Recently, Melissa and I offered to bring wine to a casual birthday party. She texted me from The Spanish Table: She had bought a wine we had tasted before, Alandra's simple, fruity, friendly red table wine, but she had bought it in a box. (She also bought the white wine from the same producer.) She thought it would be funny if we, the wine people, brought boxed wine.
It surprises people when I say it, but I'm not bothered by boxed wine. I'm not talking about Franzia products, though. I'm talking about decent wine that happens to come in a box instead of a bottle.
But I felt some trepidation about showing up to a party of food lovers with boxed wine, when only about one-third of the guests knew us well enough to get the joke. It takes a reasonable amount of wine knowledge to understand the benefits of boxed wine.
One of the main ones, especially for the casual drinker, is that you can pour yourself a glass or two and not worry about the rest of the wine. Pull two glasses from a bottle, and you've just added a massive amount of oxygen to the wine that won't go away, though you can combat the effects. Get yourself some wine from a box's spigot, however, and the plastic liner inside collapses in on itself, keeping oxygen out and maintaining the wine's freshness.
It's not a perfect seal; plastic is more permeable than glass. A 1997 article in the Journal of Agricultural and Food Chemistry looked at different containers for wine, and found that oxygen enters a boxed wine much more quickly than it does a sealed bottle. Starting at the 6-month mark, a "bag in box" wine gets about 1 g/mL of oxygen in the liquid for every 4 months; glass bottles have barely changed their oxygen levels after two years. In other words, buy new boxes of young wine and don't cellar them.
The guests who knew us saw the box, shrugged their shoulders, and said, "If you brought it, it must be good." But I noticed some arched eyebrows among the other guests. Or I thought I did. Perhaps my self-conscious mind added bogeymen where none existed. Years after I've become comfortable with my wine knowledge, I guess I can still feel a twinge of worry about how strangers might judge me by my wine choices.
The host didn't judge, of course. She even offered a bon mot on the subject when she saw the little cartons: "Oh yeah, I know; boxes are the new screw caps."
It's true that boxes today, just like screw caps a decade ago, have a public relations problem. A few years ago, the arched eyebrows I imagined I saw at the party would have been on my own face. Boxes are common enough in Europe for everyday wines, but here they are too closely linked to cheap wine that seems closer to syrup than to fermented grapes.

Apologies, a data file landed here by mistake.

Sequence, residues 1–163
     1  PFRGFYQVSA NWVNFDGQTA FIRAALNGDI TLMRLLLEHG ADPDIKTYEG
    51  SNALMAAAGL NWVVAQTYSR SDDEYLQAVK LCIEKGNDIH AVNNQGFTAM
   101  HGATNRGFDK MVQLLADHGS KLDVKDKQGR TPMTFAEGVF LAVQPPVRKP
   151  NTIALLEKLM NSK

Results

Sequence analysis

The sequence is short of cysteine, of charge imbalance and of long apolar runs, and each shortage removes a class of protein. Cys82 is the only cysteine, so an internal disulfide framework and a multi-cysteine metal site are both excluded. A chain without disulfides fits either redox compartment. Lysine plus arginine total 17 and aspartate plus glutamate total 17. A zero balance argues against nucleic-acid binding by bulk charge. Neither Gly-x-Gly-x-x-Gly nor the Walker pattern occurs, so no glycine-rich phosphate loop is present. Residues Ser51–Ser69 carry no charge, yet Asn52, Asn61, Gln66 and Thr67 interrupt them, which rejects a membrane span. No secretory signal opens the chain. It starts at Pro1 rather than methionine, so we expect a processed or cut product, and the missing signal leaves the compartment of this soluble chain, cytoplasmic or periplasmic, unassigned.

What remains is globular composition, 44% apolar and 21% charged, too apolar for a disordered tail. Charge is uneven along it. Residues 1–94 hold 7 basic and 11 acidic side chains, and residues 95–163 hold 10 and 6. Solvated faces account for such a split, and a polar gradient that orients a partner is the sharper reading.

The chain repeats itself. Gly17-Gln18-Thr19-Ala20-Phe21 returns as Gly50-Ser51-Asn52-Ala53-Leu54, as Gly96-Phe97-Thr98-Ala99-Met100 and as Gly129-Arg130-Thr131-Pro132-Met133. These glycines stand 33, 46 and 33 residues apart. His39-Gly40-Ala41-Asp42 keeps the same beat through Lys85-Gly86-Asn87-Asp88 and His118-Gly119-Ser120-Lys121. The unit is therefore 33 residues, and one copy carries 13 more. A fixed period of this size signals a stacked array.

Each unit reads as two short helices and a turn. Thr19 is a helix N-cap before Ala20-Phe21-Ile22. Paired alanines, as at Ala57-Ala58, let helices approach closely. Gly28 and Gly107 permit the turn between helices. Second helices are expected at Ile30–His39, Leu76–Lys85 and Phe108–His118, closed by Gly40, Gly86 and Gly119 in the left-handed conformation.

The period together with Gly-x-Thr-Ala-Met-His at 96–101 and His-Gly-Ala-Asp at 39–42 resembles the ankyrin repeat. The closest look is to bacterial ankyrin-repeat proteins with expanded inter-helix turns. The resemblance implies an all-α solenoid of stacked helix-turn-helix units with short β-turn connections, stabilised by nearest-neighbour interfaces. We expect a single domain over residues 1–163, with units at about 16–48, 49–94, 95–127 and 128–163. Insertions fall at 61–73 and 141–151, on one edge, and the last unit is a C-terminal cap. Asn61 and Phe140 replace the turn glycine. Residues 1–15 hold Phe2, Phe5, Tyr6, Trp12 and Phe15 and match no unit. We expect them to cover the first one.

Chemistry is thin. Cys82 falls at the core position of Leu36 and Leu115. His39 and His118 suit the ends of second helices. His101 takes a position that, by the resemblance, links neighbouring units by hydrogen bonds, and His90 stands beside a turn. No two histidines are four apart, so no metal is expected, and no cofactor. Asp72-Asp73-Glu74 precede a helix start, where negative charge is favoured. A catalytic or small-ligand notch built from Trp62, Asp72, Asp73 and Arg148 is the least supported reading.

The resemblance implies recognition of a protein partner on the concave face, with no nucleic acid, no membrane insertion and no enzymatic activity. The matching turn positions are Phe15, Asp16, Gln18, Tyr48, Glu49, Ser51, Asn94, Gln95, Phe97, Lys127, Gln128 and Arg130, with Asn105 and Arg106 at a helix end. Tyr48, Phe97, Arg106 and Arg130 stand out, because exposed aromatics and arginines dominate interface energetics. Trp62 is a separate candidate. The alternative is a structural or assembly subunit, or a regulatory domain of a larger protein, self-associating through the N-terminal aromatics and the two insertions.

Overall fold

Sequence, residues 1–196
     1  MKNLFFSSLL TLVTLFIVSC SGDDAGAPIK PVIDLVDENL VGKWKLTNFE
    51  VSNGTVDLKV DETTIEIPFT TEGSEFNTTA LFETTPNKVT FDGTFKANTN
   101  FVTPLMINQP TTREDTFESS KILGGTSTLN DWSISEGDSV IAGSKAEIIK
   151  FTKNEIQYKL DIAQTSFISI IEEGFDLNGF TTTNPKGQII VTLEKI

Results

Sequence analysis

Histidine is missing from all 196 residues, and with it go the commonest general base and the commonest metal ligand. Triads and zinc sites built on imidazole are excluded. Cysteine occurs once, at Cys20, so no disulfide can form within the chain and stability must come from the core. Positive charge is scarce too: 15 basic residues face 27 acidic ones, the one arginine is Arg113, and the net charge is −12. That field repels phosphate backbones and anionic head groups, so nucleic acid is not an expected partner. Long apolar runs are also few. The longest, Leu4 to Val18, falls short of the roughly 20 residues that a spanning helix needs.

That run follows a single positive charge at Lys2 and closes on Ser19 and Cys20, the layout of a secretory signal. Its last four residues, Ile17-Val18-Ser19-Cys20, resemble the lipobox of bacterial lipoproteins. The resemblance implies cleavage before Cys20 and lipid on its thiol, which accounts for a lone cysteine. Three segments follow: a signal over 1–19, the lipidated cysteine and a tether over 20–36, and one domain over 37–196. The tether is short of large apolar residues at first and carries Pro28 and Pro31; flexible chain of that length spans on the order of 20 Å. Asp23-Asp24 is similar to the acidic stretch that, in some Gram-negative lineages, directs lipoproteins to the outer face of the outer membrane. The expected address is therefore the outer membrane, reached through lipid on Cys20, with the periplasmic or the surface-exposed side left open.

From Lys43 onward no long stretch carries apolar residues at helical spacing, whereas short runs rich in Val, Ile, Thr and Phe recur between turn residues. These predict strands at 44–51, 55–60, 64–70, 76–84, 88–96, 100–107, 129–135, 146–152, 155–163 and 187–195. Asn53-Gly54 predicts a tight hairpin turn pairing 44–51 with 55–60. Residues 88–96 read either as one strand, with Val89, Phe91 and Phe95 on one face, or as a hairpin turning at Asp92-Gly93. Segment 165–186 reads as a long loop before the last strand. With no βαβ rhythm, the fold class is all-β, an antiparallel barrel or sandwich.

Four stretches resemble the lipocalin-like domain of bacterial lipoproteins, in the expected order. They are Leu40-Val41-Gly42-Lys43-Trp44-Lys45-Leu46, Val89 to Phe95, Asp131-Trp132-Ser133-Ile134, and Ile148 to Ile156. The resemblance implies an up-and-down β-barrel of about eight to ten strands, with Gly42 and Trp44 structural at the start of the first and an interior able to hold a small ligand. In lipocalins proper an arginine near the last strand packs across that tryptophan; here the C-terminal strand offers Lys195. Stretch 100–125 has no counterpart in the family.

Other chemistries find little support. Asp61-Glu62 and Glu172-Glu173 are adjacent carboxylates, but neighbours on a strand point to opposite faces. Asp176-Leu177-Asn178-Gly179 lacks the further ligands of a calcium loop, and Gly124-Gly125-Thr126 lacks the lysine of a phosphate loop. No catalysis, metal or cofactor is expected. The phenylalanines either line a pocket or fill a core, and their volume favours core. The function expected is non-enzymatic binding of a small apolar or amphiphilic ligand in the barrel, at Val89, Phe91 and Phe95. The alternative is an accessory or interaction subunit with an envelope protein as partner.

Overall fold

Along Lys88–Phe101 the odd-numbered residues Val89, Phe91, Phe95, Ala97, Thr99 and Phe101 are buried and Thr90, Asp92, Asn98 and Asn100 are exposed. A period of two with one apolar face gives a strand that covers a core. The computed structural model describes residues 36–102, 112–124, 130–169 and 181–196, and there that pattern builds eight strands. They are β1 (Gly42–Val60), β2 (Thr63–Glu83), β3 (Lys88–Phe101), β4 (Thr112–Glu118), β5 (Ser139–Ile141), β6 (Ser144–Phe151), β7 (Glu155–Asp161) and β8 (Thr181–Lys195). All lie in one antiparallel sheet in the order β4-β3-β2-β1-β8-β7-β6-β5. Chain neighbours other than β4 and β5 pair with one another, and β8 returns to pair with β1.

As society gets more green-focused, however, boxed wine may become the darling of the sustainable food set. Consider the fuel it takes to shuttle wine about. A bottle's worth of wine, 750 ml, weighs about 750 g by itself. An average wine bottle weighs in the neighborhood of 500 g. The box we brought contained 3,000 ml of wine, and the box added 190 g. In other words, 40 percent of the weight of shipping bottled wine is the bottle while only about 7 percent of the weight of boxed wine is the box.
And bottles are inefficient space fillers. If a bottle was a rectangular prism, it would occupy about 1,500 cubic centimeters for 750 cubic centimeters of liquid. But since bottles don't pack tightly, probably one-third of that is wasted space. Our box's dimensions were about 3,500 cubic centimeters to hold 3,000 cubic centimeters of liquid, and you can, of course, pack boxes right up against each other. You can get a little less than twice the volume of boxed wine in the same space you would need for bottles.
Not that glass is evil. Far from it. The McGraw-Hill Recycling Handbook makes the startling observation that "One 12-ounce glass bottle, melted down and reformed, yields one 12-ounce bottle without any loss of quality." Glass is, the book says, "one of the few manufactured goods that is 100% recyclable." But producing a bottle requires an oven kept between 2,600 F and 2,900 F, a full order of magnitude above temperatures used in paper production. The industry has come up with a lot of tricks for making their processes more energy efficient, but that's still a lot of fuel.
But for a casual party featuring pizza and snacks, or a house wine to drink with dinner, bottles may not be the best choice. At least, that's what I'll say the next time I hear the slight sniff of a wine-loving guest.